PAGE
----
Skip to main content

Victory Gardens -- Pandemic Style

By Sandra Nelson



Being in shelter-in-place throughout April has given me lots of extra time to read online news articles. I’ve noticed two problems dominating our daily lives: 1) The vast majority of American parents seem to be overwhelmed by homeschooling and online learning; and 2) Backyard vegetable gardens are being acknowledged as today’s Victory Gardens. 




As a former classroom teacher, I have to admit that it warms my heart to read that Americans as a group are realizing and appreciating the challenges that teachers not just face but meet head-on on a daily basis. I also understand and can empathize with the frustration that both the kids and their parents are feeling. Even in the best of circumstances spring is a difficult time of year to keep students focused on academics  —  they want to be outside playing!



Food supply anxiety is real. With thousands of Americans out of work, food banks are a necessary lifeline, and with so many people relying on them to feed their families, existing food bank resources are being stretched to the limit. Those Americans fortunate enough to have regular paychecks are finding that each trip to the grocery store not only is taking a larger chunk out of their budget, but store shelves are suddenly empty. 



History shows us that fears of food scarcity are not new in the United States.  Victory Gardens, a government backed program to prevent hunger, were first introduced during WWI. It wasn’t until WWII however, that their popularity soared as individuals were told that it was their patriotic duty to produce food. Americans listened. The USDA estimates that as many as 10 million tons of the country’s fresh fruits and vegetables were produced in 20 million Victory Gardens. The amount grown in those home-based gardens equaled all commercial production. Once the war and the government push ended however, so did the reliance on home gardens. Commercial agriculture replaced home gardens. Food scarcity disappeared, grocery shopping became the norm and acres of expensive to maintain lawn replaced productive plots of fruits and vegetables. In the era of Covid-19 as agricultural workers get sick and supply chains break, food shortages are once again returning.




Thinking about all of this, it seems to me that returning to home gardening can help solve both  the educational and food scarcity issues. Health care professionals and child care experts have been warning for years of the negative physical, emotional and social implications of too much screen time on the nation’s youth. The sedentary lifestyle that usually accompanies excess screen time can result in health issues such as obesity, Type2 diabetes, heart disease and even a shortened lifespan. Some eye problems can be linked to screen use in young children and children who spend too much time with screens can develop issues with impulse control and focus. ( See the first blog in our series on children’s health and nature at: ( Add in the frustration of unfamiliar technology and lack of in-person instruction and you have the recipe for the educational breakdowns we are experiencing.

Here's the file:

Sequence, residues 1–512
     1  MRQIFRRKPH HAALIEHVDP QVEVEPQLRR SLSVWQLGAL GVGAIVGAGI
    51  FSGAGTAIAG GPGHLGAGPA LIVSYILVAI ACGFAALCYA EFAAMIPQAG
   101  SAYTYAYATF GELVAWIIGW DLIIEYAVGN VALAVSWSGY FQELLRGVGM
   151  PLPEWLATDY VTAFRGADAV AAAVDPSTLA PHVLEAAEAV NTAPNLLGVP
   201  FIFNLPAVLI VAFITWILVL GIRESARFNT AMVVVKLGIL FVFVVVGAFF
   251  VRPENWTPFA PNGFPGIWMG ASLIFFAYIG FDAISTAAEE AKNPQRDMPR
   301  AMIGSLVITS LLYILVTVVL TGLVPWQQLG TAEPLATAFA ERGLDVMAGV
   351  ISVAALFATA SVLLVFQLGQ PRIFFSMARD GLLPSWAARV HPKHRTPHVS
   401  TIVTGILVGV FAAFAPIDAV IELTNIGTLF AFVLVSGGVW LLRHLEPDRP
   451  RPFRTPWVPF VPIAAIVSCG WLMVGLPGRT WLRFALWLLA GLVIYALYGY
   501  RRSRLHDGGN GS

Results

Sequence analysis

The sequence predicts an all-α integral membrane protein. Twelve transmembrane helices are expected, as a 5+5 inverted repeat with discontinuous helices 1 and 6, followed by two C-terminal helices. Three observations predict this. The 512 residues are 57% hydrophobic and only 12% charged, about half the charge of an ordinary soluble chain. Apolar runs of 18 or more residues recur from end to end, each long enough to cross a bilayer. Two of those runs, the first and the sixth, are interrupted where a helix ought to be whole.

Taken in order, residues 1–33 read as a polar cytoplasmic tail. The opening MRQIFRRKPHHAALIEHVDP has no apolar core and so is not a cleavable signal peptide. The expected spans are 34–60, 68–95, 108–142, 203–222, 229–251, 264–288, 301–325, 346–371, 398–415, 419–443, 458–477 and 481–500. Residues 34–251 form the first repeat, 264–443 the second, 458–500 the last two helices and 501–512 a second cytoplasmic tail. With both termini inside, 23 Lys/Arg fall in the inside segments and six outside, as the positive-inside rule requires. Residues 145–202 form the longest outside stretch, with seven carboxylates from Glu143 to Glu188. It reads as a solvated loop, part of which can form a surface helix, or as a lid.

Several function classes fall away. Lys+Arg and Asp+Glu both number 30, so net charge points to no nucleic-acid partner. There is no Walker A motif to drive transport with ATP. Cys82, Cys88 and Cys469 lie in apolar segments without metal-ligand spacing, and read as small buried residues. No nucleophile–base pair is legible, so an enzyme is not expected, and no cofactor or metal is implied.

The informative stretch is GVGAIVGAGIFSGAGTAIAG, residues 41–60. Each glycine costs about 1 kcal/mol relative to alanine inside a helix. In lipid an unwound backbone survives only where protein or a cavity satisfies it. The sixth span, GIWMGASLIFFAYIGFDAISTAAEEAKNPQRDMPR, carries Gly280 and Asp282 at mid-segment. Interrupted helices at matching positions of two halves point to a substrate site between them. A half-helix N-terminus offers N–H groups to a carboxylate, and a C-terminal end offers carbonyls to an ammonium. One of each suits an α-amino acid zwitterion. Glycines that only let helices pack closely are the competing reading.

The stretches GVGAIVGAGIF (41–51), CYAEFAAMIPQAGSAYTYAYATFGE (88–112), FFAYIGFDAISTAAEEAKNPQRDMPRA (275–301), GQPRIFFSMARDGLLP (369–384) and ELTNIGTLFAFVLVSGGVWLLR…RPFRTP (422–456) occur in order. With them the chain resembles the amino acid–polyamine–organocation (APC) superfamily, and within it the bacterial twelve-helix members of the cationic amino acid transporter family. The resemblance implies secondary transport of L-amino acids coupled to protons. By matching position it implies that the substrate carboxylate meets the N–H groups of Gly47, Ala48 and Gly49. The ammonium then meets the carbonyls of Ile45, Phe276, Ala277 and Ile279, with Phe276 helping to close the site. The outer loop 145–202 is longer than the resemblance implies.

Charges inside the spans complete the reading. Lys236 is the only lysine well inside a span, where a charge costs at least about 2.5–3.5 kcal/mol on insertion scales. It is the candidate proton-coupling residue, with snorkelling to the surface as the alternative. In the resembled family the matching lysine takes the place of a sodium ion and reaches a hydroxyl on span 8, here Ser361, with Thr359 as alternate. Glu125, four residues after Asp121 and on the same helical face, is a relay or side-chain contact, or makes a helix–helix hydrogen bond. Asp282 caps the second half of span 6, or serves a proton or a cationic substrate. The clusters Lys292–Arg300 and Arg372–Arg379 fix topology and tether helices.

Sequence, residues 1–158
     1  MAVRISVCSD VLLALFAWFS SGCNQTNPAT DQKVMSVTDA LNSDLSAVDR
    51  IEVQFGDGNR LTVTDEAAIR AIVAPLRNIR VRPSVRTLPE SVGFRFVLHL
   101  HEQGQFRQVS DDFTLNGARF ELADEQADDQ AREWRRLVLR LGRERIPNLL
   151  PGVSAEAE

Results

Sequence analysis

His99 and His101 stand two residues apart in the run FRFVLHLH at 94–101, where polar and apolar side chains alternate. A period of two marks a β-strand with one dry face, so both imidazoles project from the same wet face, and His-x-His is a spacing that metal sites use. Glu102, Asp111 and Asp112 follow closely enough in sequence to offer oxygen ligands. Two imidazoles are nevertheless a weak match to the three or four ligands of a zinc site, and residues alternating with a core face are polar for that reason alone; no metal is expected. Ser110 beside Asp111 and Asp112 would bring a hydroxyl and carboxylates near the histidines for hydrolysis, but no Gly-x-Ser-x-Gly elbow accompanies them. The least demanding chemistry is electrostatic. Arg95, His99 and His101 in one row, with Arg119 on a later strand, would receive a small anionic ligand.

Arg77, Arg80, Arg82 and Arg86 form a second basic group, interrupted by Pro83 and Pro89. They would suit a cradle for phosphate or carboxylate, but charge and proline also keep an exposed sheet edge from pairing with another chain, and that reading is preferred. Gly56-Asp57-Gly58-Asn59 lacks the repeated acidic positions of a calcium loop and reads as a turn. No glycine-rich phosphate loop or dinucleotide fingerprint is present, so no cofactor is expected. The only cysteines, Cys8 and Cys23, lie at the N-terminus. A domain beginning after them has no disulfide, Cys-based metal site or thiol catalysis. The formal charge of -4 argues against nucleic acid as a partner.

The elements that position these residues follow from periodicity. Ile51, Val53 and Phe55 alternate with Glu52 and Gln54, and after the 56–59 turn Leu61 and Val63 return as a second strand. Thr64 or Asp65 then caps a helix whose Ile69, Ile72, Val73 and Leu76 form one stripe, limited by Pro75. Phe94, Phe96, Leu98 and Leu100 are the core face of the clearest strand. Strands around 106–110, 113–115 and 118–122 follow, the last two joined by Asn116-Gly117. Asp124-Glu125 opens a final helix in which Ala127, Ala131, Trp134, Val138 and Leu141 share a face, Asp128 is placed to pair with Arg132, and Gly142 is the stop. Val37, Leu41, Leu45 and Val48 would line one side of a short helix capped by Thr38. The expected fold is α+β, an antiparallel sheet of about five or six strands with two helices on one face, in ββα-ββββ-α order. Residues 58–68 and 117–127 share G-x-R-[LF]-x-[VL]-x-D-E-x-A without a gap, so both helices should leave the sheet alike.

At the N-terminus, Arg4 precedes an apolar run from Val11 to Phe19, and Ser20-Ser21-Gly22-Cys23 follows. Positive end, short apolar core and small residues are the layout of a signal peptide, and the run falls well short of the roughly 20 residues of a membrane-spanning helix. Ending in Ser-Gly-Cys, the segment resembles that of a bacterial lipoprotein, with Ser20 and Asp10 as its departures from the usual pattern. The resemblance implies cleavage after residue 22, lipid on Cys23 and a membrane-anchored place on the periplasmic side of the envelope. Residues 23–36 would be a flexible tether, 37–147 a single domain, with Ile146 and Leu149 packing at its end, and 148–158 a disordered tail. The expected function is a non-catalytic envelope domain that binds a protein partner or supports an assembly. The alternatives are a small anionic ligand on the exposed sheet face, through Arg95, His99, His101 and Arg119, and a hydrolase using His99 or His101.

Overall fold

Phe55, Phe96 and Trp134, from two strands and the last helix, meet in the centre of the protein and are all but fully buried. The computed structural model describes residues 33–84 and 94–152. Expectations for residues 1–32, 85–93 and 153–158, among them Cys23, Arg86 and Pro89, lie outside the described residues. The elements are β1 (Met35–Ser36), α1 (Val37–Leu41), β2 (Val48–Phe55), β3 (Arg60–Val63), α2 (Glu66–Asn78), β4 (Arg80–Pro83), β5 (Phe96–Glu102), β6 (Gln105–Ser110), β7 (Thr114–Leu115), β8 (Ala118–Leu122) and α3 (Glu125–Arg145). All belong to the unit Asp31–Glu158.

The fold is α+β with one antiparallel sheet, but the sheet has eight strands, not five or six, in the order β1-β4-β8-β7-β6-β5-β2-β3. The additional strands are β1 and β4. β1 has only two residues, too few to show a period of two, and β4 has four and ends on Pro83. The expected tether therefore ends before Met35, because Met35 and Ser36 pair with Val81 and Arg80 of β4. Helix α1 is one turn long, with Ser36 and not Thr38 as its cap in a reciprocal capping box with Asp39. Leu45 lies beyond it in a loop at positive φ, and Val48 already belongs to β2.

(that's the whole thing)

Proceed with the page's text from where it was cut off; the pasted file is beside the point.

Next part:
There are ways to bring some joy back into the process of learning. My suggestion is to incorporate a large dose of outdoor education into the daily schedule. Find a sunny spot to plan, plant and care for a Victory Garden with your children. Take a corner of your lawn, if necessary,  or collect an assortment of pots on the deck, but find a spot to grow food.  You will reap dual rewards  —  fresh produce and happier children.




Gardening with children has a myriad of benefits. We know that spending active time outdoors every day helps to boost their overall physical health by achieving and maintaining a healthy weight, raising Vitamin D levels in bones and teeth, boosting the immune system and possibly reducing the risk of certain cancers later in life.



 Equally important are the emotional benefits. Experiencing nature builds healthy self-esteem and a sense of resilience as children take on and work through new and unfamiliar experiences. Nature activities reduce stress and relieve built-up tension and anxiety. ( See our second blog on children’s health and nature at:




Planting a garden, especially a vegetable garden, develops academic skills like math, science and even reading in a valuable way  — within the context of a real world situation. Instead of blindly memorizing and repeating formulas, children can see how to figure square footage and why it’s important to know. They hone measurement skills as they determine planting depths and distances. They can watch plants germinate and grow and see how even tiny insects impact our environment. They can practice and improve their reading comprehension as they follow written directions on seed packages and plant labels. They can improve their critical thinking skills as they evaluate and solve problems that they encounter as they raise their crops.





Helping to grow and perhaps even prepare food that feeds the family offers children the opportunity to contribute in a meaningful way and parents the space to take a break from the strain of today’s coronavirus challenges. Join us next week as we outline some gardening tips for the novice gardener. May is the perfect time to begin!